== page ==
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Stolen Phone Databases Go Live

Article Comments  7  

Nov 1, 2012, 8:34 AM   by Eric M. Zeman   @phonescooper
updated Nov 1, 2012, 9:45 AM

The CTIA Wireless Association announced recently that the four major U.S. wireless network operators — AT&T, Sprint, T-Mobile, and Verizon Wireless — have launched their databases of stolen cell phone IDs. The effort was kicked off in April and is meant to help curb the secondary market for stolen devices. The databases (one for GSM-based devices and another for CDMA-based devices) hold lists of the IMEI identification numbers of stolen devices. When someone attempts to activate a stolen device, it can be prevented from accessing the wireless network. In order for the system to work, however, consumers need to report their stolen device to their wireless provider so it can be added to the list. The CTIA also suggested that consumers take care to protect their personal information, much of which is accessible through their phones, by password protecting their devices. By curbing the market for stolen cell phones, the CTIA and other organizations hope to reduce cell phone thefts. CTIA CEO and President Steve Largent said, "CTIA and its member companies have always been advocates for wireless users' safety, which is why we're pleased our members met the voluntary deadline to create databases that will prevent stolen smartphones from being reactivated."

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Nov 1, 2012, 10:33 AM

Blocking Unpaid Balances

Now that this is live, I wonder how many phones T-Mobile and AT&T will block (since Sprint and Verizon already do this), when a customer doesnt pay their bill and gets terminated. I wonder what the legality will be when AT&T and T-Mobile say that they technically own the phone until the ETF is paid or the remaining balance is paid.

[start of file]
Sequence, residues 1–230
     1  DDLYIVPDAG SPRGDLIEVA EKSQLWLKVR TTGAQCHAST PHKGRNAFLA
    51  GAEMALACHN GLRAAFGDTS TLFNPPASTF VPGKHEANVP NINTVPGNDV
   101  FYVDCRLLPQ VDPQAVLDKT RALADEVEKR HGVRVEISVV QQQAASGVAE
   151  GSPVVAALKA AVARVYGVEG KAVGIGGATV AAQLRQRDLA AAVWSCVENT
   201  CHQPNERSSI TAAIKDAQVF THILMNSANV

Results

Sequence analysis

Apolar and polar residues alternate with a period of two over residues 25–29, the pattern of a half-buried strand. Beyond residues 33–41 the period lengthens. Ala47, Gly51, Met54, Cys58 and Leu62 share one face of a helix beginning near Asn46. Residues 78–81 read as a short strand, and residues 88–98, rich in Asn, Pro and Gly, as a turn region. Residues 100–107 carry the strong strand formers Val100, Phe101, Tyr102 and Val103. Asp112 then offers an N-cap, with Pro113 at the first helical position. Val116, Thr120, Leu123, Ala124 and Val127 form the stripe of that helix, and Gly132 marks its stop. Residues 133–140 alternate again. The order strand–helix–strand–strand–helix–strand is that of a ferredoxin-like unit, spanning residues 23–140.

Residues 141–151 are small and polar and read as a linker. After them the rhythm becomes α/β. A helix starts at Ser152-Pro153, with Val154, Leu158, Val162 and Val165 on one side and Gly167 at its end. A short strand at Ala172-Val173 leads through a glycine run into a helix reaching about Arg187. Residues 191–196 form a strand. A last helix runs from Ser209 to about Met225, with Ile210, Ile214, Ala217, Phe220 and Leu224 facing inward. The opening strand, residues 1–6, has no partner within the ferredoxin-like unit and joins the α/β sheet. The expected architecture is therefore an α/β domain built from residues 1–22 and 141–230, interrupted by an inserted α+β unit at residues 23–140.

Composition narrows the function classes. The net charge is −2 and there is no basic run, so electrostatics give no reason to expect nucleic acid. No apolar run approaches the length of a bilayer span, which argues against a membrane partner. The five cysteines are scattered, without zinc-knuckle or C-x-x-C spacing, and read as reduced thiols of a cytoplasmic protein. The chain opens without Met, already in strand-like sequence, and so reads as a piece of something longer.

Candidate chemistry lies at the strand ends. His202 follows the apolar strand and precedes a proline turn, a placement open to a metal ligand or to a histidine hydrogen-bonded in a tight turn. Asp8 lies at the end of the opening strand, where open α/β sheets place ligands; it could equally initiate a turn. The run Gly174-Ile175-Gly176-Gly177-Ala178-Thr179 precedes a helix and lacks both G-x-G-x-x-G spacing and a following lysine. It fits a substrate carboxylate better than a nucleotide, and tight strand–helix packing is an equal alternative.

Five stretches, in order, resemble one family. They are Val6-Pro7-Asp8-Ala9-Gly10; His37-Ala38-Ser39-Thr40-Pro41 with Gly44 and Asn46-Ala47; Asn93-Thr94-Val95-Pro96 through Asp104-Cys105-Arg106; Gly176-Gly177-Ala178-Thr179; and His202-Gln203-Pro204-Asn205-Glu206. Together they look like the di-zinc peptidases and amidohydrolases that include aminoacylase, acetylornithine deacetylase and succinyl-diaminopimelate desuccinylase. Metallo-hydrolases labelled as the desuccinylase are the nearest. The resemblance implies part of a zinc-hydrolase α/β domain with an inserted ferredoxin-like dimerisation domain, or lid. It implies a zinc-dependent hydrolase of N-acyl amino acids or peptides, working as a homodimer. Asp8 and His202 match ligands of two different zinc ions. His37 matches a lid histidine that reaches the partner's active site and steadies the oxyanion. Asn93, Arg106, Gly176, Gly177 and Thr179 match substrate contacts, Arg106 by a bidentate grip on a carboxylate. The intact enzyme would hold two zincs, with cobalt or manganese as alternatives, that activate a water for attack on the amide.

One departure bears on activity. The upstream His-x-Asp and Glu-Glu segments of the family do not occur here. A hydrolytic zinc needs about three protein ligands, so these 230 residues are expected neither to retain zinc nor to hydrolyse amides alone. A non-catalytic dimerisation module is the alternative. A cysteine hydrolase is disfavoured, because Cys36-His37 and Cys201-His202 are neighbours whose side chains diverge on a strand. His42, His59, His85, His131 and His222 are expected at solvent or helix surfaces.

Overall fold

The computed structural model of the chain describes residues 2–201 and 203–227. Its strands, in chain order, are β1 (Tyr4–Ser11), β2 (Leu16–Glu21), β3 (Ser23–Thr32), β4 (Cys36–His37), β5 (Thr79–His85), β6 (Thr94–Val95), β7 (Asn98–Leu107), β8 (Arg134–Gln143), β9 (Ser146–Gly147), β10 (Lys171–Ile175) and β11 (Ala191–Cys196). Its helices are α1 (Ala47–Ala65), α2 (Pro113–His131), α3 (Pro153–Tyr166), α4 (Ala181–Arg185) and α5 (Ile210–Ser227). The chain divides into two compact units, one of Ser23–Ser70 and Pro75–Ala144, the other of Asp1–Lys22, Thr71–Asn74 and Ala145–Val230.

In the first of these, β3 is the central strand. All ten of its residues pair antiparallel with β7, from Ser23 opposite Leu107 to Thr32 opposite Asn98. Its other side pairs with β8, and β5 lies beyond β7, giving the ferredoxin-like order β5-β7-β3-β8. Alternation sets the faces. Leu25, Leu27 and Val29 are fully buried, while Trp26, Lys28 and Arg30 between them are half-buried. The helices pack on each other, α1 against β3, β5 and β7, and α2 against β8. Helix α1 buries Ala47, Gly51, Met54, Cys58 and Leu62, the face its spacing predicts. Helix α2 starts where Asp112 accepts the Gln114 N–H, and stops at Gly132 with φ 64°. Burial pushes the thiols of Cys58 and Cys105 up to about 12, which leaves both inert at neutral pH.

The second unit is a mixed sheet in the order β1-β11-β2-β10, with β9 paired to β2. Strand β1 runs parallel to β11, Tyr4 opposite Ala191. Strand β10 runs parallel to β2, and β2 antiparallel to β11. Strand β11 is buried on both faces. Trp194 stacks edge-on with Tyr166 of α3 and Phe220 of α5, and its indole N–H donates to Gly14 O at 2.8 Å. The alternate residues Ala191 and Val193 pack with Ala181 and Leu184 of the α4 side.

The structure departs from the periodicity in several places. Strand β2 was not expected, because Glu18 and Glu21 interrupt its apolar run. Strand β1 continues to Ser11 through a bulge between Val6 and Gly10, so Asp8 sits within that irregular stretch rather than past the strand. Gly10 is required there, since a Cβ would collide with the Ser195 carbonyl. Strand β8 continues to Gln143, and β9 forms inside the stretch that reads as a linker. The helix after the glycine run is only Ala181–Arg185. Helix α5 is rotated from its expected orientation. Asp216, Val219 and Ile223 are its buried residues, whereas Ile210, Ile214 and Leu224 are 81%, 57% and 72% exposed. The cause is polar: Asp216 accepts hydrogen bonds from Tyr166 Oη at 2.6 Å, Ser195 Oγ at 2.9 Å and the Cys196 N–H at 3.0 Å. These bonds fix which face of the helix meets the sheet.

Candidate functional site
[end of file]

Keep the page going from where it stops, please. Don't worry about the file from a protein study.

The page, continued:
Ive actually had Sprint one time tell me they owned my phone until I was out of a contract, when I offered to return my phone to them, for a price, or for free, they refused to take it saying, "Its been used, we have no need for a used phone, however, we still own your phone through your contract but if anything happens to it, thats on you!"
With carriers saying things like this, thats so direct yet so vague, ...
T-mobile already does that. If you have an EIP (equipment installment plan) and you cancel or port-out, and do not provide a final payment, the IMEI is blacklisted. Mind you, that only happens if the phone still has money owed on it on the installmen...
Well....as much as you might dislike it, if you buy carrier equipment, then while you are under contract, the carrier owns the phone.....I can't imagine actually telling a customer that....but it is indeed true, that is what the contract says....
I HOPE they do! If you have a bill, PAY IT! I'm all about anything that helps keep delinquents in line. If you don't pay your bill, why should the carrier eat the loss on the equipment? If you received subsidized equipment pricing, then screw you! Ins...

Nov 1, 2012, 8:43 AM

Databass? Must be a new kind of mechanical fish.

And 4 carriers isn't enough. Its a great start, but you could then just take that stolen phone to a carrier that doesnt support this databass.
...and there are plenty of those around. MVNO heaven.
The fact that it doesn't do everything is no reason to not do something....over time, more carriers can be added....don't make the perfect the enemy of the good.
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